What would modern business do without the common typewriter? It all started with a machine designed to quickly print numbers. Christopher Latham Sholls added mor keys and linkage to include letters at the suggestion of a friend. It wasn’t the first typewriter, but the first one that worked. Building on existing models that embossed paper, and were heavy and cumbersome, Sholl came up with is design in 1869.
Friends Carlos Glidden, and Sam Schuel helped with ideas. They came up with a keyboard arrangement, even the method of using a platen and hammers to strike the paper through an inked ribbon. All are familiar to us today in the world of word processors and computer printers.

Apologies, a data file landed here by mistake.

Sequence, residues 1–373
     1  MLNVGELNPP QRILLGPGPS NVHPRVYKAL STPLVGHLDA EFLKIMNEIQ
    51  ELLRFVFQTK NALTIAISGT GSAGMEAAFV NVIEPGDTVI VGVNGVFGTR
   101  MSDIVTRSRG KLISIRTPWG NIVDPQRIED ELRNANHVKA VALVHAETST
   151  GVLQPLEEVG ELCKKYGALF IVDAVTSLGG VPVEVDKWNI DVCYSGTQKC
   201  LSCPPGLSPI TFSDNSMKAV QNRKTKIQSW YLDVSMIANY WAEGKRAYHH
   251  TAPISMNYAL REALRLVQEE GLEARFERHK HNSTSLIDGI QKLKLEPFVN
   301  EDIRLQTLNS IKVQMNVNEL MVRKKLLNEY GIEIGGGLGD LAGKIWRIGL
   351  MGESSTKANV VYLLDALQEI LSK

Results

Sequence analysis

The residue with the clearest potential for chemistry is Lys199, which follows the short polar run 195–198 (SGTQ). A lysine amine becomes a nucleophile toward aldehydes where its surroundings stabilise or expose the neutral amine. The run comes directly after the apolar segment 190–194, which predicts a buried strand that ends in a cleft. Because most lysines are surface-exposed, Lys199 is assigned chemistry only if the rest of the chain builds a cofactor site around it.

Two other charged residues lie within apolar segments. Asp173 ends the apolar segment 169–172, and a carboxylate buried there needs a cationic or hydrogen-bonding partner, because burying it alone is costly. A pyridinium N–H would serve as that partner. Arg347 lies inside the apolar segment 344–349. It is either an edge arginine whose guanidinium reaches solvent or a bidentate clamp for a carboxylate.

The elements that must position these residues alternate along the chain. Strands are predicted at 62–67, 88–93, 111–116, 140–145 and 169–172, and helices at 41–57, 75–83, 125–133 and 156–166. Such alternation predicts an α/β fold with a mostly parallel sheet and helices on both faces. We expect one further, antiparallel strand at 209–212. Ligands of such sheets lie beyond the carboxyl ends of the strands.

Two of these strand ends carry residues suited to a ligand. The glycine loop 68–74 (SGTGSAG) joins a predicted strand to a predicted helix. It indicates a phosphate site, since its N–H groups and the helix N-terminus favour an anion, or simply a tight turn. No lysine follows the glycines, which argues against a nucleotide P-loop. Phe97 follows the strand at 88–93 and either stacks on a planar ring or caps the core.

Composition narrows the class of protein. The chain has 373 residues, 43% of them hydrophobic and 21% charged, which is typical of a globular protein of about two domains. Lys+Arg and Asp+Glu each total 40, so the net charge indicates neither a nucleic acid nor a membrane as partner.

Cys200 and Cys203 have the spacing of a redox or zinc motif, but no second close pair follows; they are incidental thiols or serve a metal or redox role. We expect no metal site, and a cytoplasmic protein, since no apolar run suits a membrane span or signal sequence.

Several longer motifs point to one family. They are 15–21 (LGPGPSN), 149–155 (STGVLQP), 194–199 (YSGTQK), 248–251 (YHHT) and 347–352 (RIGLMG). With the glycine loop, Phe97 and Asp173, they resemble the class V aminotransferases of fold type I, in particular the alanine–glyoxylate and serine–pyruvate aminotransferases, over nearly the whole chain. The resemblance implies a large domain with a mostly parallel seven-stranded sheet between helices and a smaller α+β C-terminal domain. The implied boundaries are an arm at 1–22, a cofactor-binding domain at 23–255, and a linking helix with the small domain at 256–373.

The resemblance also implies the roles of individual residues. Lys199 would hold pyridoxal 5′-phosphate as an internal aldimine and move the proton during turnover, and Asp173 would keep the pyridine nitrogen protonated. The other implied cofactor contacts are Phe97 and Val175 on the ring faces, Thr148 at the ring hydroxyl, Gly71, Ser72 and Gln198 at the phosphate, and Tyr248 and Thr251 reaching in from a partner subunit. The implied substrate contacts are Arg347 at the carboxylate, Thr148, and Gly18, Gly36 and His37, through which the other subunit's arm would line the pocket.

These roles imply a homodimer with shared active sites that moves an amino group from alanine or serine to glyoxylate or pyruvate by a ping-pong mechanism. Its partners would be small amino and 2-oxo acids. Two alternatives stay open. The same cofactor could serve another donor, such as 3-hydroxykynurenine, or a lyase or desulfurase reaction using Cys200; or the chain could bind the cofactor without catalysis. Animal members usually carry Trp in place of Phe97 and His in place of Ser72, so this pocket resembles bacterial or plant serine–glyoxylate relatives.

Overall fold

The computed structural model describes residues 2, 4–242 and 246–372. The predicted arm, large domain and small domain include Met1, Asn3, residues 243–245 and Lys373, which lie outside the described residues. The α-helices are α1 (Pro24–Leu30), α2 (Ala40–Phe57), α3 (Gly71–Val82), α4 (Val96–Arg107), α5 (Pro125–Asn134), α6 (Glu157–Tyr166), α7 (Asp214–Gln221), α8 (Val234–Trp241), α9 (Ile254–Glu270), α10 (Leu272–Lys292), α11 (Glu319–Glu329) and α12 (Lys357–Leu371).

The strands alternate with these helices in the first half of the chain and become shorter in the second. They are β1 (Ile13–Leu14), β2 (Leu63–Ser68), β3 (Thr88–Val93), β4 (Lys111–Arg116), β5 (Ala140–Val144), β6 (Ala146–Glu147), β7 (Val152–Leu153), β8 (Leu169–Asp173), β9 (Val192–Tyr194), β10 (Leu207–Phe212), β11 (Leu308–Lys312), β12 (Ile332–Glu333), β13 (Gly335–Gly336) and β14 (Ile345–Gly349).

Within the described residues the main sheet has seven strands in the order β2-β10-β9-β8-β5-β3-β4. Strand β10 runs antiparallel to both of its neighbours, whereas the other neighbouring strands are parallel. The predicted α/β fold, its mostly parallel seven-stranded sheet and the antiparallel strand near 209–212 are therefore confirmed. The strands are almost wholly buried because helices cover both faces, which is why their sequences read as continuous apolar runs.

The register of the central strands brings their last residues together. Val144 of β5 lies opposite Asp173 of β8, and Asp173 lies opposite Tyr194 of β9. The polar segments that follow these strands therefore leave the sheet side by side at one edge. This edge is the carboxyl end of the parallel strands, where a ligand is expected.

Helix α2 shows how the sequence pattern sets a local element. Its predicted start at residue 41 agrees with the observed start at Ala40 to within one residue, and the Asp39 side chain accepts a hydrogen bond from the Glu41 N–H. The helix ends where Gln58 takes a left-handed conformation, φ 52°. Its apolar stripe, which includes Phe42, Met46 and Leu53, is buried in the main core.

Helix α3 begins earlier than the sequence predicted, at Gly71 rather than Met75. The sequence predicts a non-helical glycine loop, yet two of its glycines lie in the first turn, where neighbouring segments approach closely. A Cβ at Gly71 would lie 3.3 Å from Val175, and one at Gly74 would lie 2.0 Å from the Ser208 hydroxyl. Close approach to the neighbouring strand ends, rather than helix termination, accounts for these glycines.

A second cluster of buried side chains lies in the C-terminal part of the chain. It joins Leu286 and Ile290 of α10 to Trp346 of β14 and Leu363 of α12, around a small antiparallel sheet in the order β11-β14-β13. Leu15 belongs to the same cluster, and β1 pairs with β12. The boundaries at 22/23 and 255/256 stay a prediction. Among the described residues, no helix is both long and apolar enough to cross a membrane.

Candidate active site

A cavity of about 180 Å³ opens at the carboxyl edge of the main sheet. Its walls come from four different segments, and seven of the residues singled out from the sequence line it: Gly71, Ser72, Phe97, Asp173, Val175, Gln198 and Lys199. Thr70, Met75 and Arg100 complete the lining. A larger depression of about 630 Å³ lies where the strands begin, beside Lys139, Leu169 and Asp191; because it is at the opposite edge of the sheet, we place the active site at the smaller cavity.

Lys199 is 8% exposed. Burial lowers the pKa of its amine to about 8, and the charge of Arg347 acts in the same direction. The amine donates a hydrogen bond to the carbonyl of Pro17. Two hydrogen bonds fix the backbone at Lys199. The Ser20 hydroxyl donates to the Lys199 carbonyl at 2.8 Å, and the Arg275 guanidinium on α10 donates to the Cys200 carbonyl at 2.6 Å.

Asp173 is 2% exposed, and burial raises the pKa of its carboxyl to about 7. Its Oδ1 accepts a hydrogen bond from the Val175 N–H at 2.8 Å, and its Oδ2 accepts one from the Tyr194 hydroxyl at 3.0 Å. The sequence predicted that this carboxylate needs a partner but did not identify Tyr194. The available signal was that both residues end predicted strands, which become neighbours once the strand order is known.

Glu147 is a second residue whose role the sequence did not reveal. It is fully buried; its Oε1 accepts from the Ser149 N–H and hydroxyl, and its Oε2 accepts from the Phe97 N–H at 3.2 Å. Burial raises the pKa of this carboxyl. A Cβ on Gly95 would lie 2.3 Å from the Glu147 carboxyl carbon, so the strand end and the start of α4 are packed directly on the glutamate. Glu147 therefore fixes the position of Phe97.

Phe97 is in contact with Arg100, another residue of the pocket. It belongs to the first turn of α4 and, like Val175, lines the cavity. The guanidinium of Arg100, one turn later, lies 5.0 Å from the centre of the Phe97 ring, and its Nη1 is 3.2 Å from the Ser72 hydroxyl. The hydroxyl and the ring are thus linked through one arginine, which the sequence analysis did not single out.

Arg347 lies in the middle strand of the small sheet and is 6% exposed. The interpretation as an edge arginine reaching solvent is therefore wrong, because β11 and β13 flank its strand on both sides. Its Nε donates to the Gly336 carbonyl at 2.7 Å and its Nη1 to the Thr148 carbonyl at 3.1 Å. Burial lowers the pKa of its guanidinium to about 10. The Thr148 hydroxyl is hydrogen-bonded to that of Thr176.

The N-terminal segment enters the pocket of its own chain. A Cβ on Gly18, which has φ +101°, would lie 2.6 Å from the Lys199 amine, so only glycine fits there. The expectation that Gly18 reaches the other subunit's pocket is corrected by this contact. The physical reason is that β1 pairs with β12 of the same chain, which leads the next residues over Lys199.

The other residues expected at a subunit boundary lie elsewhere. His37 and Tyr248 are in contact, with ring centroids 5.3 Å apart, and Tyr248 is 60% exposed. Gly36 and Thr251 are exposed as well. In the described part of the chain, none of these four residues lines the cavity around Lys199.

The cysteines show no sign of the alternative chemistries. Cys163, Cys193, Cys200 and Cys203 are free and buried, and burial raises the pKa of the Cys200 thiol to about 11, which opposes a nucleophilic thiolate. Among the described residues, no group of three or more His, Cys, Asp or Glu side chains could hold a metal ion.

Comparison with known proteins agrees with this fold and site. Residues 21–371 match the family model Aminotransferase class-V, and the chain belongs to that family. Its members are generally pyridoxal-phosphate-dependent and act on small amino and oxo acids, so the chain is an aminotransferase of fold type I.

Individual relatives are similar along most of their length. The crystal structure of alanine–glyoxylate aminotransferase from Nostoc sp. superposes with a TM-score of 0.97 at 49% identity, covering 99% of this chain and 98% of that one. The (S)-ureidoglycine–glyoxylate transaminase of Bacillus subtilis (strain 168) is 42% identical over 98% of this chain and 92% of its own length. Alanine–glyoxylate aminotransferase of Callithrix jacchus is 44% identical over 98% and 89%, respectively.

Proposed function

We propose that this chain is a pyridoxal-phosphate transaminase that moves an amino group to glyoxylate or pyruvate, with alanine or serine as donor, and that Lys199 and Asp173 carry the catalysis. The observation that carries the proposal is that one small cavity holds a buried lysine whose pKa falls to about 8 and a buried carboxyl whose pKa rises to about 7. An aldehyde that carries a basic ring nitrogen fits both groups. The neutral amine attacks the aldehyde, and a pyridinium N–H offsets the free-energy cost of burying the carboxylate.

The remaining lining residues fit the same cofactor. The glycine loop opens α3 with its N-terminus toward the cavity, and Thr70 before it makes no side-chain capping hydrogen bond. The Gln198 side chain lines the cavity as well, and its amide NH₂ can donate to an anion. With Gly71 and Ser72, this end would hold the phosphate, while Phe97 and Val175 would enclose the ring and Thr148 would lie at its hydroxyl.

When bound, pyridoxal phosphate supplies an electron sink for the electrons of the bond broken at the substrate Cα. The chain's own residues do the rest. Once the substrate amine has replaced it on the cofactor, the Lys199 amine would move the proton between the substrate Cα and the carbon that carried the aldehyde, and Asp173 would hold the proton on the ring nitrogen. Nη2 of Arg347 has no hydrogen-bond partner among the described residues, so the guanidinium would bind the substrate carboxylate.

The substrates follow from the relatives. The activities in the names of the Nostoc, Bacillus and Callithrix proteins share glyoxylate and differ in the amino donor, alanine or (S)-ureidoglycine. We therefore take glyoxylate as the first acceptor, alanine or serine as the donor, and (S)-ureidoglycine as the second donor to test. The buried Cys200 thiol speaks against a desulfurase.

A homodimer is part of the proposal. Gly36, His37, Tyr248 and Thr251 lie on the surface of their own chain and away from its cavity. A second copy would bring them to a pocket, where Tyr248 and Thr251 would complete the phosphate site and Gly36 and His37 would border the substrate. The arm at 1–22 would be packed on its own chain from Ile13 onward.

Marketing the machine wasn’t without its troubles. Could it be too heavy? Can the parts be made less complicated? Financial stresses caused partners to fall away from the project. Despite the improvements and advancements, critics still had complaints. Is the machine ready for mass production?